Since the June 17 attack on The DAO, there have been several opinions as to what should be the best action to be taken by the owners of Ethereum. Covertress, founder of Krypton, offers Cointelegraph her analysis of the attack and its fallout. Her conclusion ran against many opinions: in order to keep credibility, Ethereum should do nothing.
On Friday a $60 million theft occurred in The DAO, an automated venture capital fund and side code to the Ethereum Blockchain. The smart contract code in question worked as programmed.
In what has been characterized as ‘living the movie as it happens,’ the ‘DAO hack’ has not only affected investors but has also raised fundamental questions of exactly how Blockchains should operate.
The DAO was merely exploited
Covertress clarifies that what occurred was not a 'hack,' but merely an exploit, a way of making the code behave in an unexpected fashion. She also makes reference to William Mougayar’s description of ‘a thief with access to an open door.’
Another example mentioned by Covertress was Andreas Antonopoulos’ assertion in ‘Mastering Bitcoin': Not if you first signed a contract that said ‘the door determines all terms of access and ownership’ before leaving it open.
The whole plot revolves around the smart contract code which allowed ETH funds invested in The DAO to be diverted into a ‘child DAO.’ A scenario that is well explained by Philip Daian in his report, ‘Chasing the DAO Attacker’s Wake.
Covertress explains that to fix the prevailing DAO attack problem, three solutions have been proposed:
- Hard-fork: A hard-fork of Ethereum could be employed to rollback the Ethereum Blockchain to a time before ‘the attack.’
- Soft-fork: By censoring or ignoring instances of the address of ‘the attacker,’ a soft-fork could be used to reclaim the lost funds.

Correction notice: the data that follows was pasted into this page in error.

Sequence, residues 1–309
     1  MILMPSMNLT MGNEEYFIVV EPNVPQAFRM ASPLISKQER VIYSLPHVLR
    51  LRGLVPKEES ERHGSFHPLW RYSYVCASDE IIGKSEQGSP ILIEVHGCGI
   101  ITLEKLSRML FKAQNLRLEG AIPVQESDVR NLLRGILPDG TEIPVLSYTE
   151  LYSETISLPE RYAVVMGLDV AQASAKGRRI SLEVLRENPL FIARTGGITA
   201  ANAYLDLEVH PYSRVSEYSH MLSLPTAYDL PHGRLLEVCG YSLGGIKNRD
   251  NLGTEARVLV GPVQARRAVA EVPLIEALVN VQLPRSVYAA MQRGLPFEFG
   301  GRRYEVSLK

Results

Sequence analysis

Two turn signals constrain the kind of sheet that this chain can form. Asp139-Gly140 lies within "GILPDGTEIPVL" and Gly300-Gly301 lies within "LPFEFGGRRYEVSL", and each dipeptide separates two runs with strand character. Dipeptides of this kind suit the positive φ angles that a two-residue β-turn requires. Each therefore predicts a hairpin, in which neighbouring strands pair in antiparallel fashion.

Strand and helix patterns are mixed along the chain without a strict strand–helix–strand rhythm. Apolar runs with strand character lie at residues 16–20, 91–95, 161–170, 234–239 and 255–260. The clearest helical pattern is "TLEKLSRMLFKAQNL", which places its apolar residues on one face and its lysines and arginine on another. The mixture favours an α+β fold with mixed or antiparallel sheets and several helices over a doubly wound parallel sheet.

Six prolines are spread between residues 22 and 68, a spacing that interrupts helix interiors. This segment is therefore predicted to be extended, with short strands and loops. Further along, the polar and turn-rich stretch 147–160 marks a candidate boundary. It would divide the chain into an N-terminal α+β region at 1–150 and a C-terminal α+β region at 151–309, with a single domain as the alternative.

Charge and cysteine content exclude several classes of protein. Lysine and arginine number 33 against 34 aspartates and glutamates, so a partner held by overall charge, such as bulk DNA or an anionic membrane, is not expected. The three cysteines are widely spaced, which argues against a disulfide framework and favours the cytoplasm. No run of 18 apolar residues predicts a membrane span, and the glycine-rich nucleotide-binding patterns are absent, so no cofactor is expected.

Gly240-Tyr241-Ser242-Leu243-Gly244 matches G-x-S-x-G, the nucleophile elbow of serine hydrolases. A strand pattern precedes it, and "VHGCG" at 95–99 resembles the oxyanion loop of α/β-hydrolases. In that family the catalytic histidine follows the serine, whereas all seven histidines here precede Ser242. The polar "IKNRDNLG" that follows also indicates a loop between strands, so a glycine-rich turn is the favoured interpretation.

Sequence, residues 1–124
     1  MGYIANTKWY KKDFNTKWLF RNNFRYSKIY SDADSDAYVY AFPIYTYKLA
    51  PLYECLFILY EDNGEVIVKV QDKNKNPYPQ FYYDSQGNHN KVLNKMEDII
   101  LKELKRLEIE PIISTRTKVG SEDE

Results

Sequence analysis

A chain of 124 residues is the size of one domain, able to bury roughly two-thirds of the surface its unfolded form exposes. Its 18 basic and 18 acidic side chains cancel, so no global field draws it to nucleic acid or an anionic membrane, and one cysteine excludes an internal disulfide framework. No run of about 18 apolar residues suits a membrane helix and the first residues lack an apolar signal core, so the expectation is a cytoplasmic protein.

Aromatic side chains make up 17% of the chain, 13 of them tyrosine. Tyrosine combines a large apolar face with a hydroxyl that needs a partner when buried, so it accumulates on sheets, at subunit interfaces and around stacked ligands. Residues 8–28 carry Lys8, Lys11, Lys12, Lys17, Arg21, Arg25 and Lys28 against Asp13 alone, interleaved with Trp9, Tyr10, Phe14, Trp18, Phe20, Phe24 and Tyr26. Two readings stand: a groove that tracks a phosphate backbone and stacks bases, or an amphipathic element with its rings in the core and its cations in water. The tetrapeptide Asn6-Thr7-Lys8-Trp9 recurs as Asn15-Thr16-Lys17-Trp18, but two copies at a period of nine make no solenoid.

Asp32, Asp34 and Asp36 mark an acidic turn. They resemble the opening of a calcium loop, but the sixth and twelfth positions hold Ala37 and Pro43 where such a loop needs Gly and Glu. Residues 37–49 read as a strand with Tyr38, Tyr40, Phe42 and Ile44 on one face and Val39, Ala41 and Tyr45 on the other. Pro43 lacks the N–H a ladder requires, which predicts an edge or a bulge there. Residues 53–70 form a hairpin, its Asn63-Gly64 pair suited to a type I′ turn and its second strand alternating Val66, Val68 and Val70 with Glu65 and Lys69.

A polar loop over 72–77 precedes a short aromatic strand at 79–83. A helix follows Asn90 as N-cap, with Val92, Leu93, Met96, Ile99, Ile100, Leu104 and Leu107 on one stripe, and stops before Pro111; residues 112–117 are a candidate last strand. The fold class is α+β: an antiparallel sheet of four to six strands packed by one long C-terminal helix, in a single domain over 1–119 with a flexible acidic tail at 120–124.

- An expensive lesson: Nothing could be done and the funds could remain lost.
In options 1 and 2, Covertress says that Ethereum must convince a majority of miners to go along with the proposed fix by downloading and running the modified code used when they process transactions.
A bitter pill that may have to be swallowed
Covertress concluded by saying:
“Though Ethereum has not decided which route to take, most stakeholders believe they know how this movie will end. Unless it does nothing and allows the funds to remain diverted, Ethereum will suffer a loss of credibility by effectively bailing out DAO investors and reversing what was billed as unstoppable code. And that sounds too much like the bank bailouts that Blockchain technology was in part designed to guard against. Where's Superman when we need him?”
By the way, Ethereum has chosen option 2, a soft-fork. The proposed solution is to freeze all the transactions trying to move any funds from the DAO or the child DAOs.
“Mr. Smith: You think this story's gonna have a happy ending?
Mrs. Smith: Happy endings are just stories that haven't ended yet.
Mr. & Mrs. Smith (2005).”
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